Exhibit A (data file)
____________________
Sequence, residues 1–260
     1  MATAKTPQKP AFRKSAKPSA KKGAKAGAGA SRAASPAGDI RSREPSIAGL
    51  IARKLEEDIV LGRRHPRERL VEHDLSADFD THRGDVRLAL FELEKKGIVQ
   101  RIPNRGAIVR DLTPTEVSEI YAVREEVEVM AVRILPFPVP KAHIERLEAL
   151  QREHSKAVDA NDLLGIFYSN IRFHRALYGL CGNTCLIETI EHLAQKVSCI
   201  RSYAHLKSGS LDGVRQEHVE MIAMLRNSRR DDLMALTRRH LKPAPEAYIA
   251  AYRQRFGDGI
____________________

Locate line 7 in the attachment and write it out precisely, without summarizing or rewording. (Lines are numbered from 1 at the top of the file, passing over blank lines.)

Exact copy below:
   251  AYRQRFGDGI